# The order of cyclic subgroups

1. Oct 21, 2008

### SticksandStones

Today we learned about subgroups of cyclic groups G = <a>. During the discussion we reached this point:

|<a^k>| = minimum L, L > 0, such that a^(kL) = 1.
|G| = n.
Then a^kL = a^bn, thus kL = bn, and thus L = n/gcd(k, n).

However, I don't understand the bolded. My number theory is terrible, and I don't really see where the gcd(k, n) comes from.

I understand that if gcd(k, n) = 1 that <a^k> = <a>, but the connection to L = n/gcd(k,n) just isn't apparent to me. Can someone shine some light on this for me?

Thanks, I appreciate it!

2. Oct 22, 2008

### SticksandStones

Bleh, I think I figured it out. kL is a multiple of n and L is the lowest integer that makes kL a multiple of N. If gcd(k,n)=1 then L is just n, otherwise it has to be a multiple of n. If gcd(k,n)=d then k=sd and L=n/gcd(k,n) so kL=sn and s=b.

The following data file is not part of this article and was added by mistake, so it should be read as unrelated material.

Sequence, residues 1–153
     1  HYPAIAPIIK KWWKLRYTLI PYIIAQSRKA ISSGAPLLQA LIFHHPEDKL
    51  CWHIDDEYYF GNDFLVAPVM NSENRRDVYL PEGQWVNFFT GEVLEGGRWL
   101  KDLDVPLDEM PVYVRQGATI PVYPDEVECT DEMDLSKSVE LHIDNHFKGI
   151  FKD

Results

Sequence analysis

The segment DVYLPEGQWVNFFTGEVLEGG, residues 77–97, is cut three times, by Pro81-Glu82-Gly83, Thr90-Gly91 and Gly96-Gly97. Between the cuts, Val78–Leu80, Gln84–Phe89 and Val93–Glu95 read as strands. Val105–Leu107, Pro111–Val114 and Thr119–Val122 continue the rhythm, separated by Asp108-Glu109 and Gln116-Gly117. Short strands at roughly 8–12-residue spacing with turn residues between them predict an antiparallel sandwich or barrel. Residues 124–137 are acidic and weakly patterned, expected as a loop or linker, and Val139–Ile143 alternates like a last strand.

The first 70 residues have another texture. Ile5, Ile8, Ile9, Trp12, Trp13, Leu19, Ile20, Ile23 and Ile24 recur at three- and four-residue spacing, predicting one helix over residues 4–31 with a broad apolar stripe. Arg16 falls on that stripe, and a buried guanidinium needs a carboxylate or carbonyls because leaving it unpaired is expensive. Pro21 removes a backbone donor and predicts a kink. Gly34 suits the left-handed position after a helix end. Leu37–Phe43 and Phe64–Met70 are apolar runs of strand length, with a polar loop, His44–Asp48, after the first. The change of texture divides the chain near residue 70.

Is this correct?

3. Oct 22, 2008

### morphism

I really don't like the way the original proof is worded. What exactly is b?

4. Oct 22, 2008

### SticksandStones

Some arbitrary integer as far as I can tell.

5. Oct 22, 2008

### morphism

If that's the case, then a^kL = a^bn doesn't in general imply that kL = bn.

6. Oct 22, 2008

### SticksandStones

Ok then I'm really confused. a^kL=a^bn = 1, how can I then generalize this to find L?

EDIT: Normally I'd just ask the professor, but it was a "substitute professor" if you will and I honestly don't know who the man is/was.